Many of you will be surprised to see a post from this location showing up on my blog. Well let me tell you that nobody is more surprised by this than I am. When I booked my return flight with the travel office, I was primarily focused on two things: spending Christmas with my family and making it back in time for work on the 27th. So when they emailed me the itinerary, I compulsively checked both of these details several times. I verified the airport, the terminal, the time of departure, the airport of arrival (my car is actually near Dulles at the moment), the time of arrival…there was no question that this was going to be a smooth trip. So when I arrived for a layover in Reykjavik, I pulled out the email with my flight information to see how much time I had to make my connection. You can imagine my horror when I discovered that the answer to that question was somewhere in the neighborhood of 17 hours. I noticed that my 2 bags had also turned up on the conveyor belt (weighing approximately 75 kg), so I asked one of the Icelandair representatives for some advice on the best course of action. She explained that the last bus was leaving immediately for downtown Reykjavik and that there was a good chance I would be able to find a hotel down there somewhere once I got there. This might sound like a no brainer, but I honestly had to give it some thought. If I missed my flight, I would undoubtedly face serious consequences back home since so many people were depending on me being back to work by 6 am on the 27th. If I stayed at the airport, though, I would be heading back to work having already pulled an all-nighter in addition to the jet-lag which was about to ensue. I knew from past experience that I could only carry my bags about 100 yards without falling over. So here I was after midnight on Christmas in the middle of Iceland, and thinking that in the worst-case scenario I would be stranded in the middle of the tundra and get eaten by polar bears or something.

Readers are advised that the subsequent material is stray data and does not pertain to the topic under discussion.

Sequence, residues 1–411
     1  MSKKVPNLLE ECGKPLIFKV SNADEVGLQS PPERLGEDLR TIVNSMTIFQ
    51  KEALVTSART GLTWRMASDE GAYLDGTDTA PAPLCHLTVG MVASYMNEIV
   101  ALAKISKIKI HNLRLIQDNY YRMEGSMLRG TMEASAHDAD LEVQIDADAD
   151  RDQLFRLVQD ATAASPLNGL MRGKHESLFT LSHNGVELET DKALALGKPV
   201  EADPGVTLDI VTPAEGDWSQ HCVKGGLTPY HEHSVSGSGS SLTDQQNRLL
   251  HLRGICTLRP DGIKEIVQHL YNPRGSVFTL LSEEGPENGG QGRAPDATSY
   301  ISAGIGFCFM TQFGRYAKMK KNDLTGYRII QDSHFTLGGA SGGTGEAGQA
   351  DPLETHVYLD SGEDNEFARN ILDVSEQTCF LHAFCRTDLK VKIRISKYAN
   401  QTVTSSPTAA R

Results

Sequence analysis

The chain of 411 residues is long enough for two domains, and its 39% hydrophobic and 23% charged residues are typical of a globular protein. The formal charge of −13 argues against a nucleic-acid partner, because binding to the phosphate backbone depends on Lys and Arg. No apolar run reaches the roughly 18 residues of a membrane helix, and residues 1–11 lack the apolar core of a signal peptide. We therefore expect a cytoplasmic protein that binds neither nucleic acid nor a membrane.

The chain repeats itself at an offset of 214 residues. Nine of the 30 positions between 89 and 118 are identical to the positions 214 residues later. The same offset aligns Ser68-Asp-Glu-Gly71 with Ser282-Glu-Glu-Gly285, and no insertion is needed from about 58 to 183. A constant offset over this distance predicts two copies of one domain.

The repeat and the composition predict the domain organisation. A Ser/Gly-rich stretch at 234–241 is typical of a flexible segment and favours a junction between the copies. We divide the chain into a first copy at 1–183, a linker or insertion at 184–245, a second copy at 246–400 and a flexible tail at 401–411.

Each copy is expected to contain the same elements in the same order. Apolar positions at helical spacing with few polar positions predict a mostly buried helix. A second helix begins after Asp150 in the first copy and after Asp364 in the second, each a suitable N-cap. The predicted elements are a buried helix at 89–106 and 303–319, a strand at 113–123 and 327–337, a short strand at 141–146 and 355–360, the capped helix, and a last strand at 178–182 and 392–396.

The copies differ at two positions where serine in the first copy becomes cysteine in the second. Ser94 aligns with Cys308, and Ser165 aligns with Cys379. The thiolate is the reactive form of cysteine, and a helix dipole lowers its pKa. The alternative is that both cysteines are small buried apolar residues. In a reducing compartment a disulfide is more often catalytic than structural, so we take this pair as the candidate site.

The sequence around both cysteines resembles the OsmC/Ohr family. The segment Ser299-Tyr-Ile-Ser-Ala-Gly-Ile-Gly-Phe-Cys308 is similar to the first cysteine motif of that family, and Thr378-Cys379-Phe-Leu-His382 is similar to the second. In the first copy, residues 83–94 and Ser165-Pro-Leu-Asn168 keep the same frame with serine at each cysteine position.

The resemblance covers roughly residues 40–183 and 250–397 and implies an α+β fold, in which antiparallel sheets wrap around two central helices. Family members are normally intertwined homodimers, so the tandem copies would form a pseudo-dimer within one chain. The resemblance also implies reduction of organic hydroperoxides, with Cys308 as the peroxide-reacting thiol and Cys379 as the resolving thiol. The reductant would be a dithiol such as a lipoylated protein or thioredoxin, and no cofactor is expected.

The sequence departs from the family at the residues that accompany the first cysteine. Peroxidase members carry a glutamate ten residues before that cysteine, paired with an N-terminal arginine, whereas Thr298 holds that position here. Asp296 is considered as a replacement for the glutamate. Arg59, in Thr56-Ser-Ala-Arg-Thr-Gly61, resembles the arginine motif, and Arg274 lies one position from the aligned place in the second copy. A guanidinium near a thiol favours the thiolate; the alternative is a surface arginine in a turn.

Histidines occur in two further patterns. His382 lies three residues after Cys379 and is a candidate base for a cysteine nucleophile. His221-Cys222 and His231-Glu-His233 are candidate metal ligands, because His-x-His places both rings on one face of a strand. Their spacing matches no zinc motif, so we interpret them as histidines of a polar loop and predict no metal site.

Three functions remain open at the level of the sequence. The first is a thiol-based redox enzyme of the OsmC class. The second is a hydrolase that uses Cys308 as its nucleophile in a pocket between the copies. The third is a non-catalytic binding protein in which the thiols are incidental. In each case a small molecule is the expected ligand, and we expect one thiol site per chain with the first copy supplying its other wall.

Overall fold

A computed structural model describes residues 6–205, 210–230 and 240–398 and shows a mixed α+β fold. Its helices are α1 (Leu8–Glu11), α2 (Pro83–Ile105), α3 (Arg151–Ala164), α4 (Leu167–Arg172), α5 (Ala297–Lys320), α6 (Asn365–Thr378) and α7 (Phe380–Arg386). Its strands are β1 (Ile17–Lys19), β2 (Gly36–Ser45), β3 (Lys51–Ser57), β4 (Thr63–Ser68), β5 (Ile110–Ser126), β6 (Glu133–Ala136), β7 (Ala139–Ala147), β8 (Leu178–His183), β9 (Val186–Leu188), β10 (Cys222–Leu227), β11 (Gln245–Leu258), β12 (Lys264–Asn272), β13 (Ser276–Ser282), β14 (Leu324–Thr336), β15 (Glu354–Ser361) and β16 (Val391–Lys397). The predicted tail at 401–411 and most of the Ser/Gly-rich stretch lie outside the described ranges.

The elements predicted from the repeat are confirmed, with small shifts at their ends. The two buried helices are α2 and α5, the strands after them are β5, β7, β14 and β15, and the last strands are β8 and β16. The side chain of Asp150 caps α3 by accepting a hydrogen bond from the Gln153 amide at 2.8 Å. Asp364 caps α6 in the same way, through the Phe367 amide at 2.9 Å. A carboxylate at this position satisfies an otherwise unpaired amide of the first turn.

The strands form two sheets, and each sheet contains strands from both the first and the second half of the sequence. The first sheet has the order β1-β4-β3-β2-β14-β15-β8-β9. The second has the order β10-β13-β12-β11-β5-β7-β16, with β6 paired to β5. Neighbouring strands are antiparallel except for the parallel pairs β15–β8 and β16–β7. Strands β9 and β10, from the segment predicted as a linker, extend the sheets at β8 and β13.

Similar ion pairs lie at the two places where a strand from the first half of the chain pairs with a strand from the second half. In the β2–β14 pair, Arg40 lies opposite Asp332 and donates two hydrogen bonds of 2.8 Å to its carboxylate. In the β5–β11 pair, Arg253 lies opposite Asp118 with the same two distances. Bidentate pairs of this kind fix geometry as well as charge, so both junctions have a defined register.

I got on the bus. When I arrived at the only hotel with any vacancies, I learned that the price would be about 8,000 IKR. That seems like a lot of money, and at this point I still have no idea how much I paid for a night’s sleep and a warm shower, but after getting a quick tour of Reykjavik I’m back at the airport where they have a very sketchy wireless service. So far it looks like my flight to Boston will be on time…


"But the fact is, Greg, with the knowledge you've been given, you are now on the inside of what I like to call... 'the Byrnes family circle of trust.' I keep nothing from you, you keep nothing from me... and round and round we go."
--Robert DeNiro

It’s definitely true what they say about how there’s no place like home for the holidays. While I will probably always consider that house off Rockford Road in Plymouth, Minnesota to be my home, I have to say that this year it was a special treat to spend the holiday in the home of my ancestors visiting my relatives in Renhold. The All Saints Church where my family has worshiped for at least six generations was decorated beautifully, and although there wasn’t any snow the lights on the trees all over town looked like something from a Hallmark card. Since many of our American Christmas traditions originate in England, it was a lot of fun to actually experience the holiday the way it was meant to be celebrated. No matter how long I live, I will never forget my relatives bringing out the figgy pudding, watching the Queen’s Christmas address, taking communion in the style of my great great great grandfather, and opening gifts with my English relatives—I was given a wonderful present this year: a book called “1000 Places to See Before You Die.” After all the traveling I had done in the last six months I thought I would be able to check off quite a few of them. Not so. I only managed to hit about 10% of the places in the UK, and have not even made it to the one place in my home state that is featured in the book—the Boundary Waters. I suppose the only thing that would have made it a better Christmas would have been getting to see the other three members of the Joyce family “Circle of Trust.” I guess that will just have to wait for next year…